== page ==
Marijuana Legalization May Cloud Teens’ Perception About Driving Under The Influence.

Last week, for the very first time, residents of Colorado lined up outside a dozen marijuana stores to legally purchase the drug. The legalization of the drug, and accompanying debates, may be causing teenagers to underestimate the dangers of driving with marijuana in their system.

Parents are being advised to sit down with their teenagers to explain the key difference between “legal” and “safe.” Although marijuana has been legalized in Colorado, and de-criminalized in other states including Massachusetts, the legal age to purchase is still 21 years-old. Moreover, teenagers’ brains are still developing, and marijuana use at this delicate stage in development can be harmful. According to studies, even after abstaining from marijuana use for 30 days, heavy teenage users still exhibited subtle defects in attention, executive function and memory.

Nonetheless, the legalization and associated debates may have clouded teenagers’ ability to recognize the dangers of marijuana usage. While the designated driver used to be the person who refrained from alcohol that night, the phrase’s definition has since been distorted. According to reports, many teens today rely on the teenager who drank the least amount of alcohol, or who only smoked that night, to drive. This is a dangerous distinction. Marijuana has been found to adversely affect drivers’ attentiveness, perception of speed and time, and the ability to draw on information obtained from past experiences.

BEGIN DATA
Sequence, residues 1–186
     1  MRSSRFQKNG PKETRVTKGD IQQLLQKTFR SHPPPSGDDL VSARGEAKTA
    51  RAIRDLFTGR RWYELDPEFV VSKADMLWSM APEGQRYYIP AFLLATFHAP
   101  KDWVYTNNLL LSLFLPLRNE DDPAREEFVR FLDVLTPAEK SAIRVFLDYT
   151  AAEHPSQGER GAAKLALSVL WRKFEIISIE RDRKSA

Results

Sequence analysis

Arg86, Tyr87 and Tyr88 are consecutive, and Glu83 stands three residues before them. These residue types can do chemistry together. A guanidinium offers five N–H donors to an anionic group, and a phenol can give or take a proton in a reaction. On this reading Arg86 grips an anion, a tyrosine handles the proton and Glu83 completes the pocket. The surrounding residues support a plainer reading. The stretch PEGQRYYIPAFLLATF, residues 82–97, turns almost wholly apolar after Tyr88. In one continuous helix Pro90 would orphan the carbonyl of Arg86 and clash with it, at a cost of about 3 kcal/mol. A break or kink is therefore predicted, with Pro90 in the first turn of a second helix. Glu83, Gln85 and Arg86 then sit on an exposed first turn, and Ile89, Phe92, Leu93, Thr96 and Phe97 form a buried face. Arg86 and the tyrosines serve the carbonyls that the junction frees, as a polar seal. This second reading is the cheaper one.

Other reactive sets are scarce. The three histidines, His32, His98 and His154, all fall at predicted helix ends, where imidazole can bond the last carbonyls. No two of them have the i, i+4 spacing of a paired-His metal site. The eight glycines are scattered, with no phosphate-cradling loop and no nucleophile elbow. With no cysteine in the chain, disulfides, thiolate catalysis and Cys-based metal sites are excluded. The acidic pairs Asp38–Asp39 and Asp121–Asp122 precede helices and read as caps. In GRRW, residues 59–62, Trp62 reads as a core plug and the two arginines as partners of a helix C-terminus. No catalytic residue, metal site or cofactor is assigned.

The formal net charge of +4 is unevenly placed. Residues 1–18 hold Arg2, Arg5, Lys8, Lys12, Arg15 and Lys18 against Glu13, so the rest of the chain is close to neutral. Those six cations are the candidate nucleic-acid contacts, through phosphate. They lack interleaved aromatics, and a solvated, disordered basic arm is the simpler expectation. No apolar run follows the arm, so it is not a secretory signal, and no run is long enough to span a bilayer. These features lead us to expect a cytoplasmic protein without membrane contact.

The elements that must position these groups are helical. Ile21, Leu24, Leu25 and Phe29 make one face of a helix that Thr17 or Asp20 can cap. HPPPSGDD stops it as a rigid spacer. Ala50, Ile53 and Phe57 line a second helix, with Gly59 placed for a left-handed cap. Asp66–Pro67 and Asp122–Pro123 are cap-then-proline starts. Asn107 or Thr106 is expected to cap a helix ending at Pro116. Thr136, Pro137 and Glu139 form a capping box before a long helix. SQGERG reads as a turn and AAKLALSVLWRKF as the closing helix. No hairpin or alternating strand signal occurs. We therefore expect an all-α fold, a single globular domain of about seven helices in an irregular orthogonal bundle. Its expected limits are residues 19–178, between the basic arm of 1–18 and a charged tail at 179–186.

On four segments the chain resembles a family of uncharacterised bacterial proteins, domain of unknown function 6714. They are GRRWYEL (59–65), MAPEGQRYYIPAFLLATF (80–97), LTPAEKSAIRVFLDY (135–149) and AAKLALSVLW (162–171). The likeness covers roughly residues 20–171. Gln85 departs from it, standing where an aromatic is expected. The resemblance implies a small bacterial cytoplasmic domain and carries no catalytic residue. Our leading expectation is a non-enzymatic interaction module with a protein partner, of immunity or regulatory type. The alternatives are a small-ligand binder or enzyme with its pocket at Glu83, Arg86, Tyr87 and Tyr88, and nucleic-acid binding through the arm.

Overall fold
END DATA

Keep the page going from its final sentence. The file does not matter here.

According to a survey conducted by Liberty Mutual Insurance and Students Against Destructive Decisions, nearly 25% of teens admit to driving while somewhat intoxicated. Of those who reported having driven while under the influence of marijuana, 75% did not believe it impaired their driving, while 34% actually believed it improved their ability to operate a motor vehicle. The statistics, however, are clear: after alcohol, marijuana is the second most common substance found in the blood of impaired drivers. Driving under the influence of marijuana is still driving under the influence under the law.

Teenagers and adults who drive under the influence put themselves, their passengers and other motorists at risk for serious personal injuries and death. If you or someone you love has been the victim of a Massachusetts car accident, and you would like to find out whether you have a claim for personal injury damages or wrongful death damages, please call 617-787-3700 or email, 24 hours a day, 7 days a week, to speak with a highly skilled Massachusetts drunk driver personal injury attorney, Massachusetts personal injury attorney or Massachusetts wrongful death attorney.

If you would like to talk to an expert in Massachusetts personal injury law, don’t wait a second longer. Call 617-787-3700 for a free, confidential consultation with one of our expert  Massachusetts motor vehicle accident attorneys, Boston accident lawyers or Boston, MA wrongful death lawyers.

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